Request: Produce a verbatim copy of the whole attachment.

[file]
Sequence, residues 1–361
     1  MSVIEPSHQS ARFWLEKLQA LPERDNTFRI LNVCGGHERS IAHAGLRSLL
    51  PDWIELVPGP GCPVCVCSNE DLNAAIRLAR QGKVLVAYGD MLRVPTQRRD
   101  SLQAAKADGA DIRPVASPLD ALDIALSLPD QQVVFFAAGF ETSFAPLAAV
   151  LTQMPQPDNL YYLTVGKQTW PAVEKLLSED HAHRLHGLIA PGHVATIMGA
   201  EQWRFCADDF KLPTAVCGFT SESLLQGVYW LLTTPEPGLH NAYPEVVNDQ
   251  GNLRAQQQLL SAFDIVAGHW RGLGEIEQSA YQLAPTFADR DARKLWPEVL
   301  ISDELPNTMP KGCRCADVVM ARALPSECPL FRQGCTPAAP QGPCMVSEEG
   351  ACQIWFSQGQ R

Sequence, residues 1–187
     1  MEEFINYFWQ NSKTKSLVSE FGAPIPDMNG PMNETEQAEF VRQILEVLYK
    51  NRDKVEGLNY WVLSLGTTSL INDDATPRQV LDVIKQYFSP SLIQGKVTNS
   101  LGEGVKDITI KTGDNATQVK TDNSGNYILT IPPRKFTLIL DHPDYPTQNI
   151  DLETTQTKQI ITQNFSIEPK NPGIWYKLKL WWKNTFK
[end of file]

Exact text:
Sequence, residues 1–361
     1  MSVIEPSHQS ARFWLEKLQA LPERDNTFRI LNVCGGHERS IAHAGLRSLL
    51  PDWIELVPGP GCPVCVCSNE DLNAAIRLAR QGKVLVAYGD MLRVPTQRRD
   101  SLQAAKADGA DIRPVASPLD ALDIALSLPD QQVVFFAAGF ETSFAPLAAV
   151  LTQMPQPDNL YYLTVGKQTW PAVEKLLSED HAHRLHGLIA PGHVATIMGA
   201  EQWRFCADDF KLPTAVCGFT SESLLQGVYW LLTTPEPGLH NAYPEVVNDQ
   251  GNLRAQQQLL SAFDIVAGHW RGLGEIEQSA YQLAPTFADR DARKLWPEVL
   301  ISDELPNTMP KGCRCADVVM ARALPSECPL FRQGCTPAAP QGPCMVSEEG
   351  ACQIWFSQGQ R

Sequence, residues 1–187
     1  MEEFINYFWQ NSKTKSLVSE FGAPIPDMNG PMNETEQAEF VRQILEVLYK
    51  NRDKVEGLNY WVLSLGTTSL INDDATPRQV LDVIKQYFSP SLIQGKVTNS
   101  LGEGVKDITI KTGDNATQVK TDNSGNYILT IPPRKFTLIL DHPDYPTQNI
   151  DLETTQTKQI ITQNFSIEPK NPGIWYKLKL WWKNTFK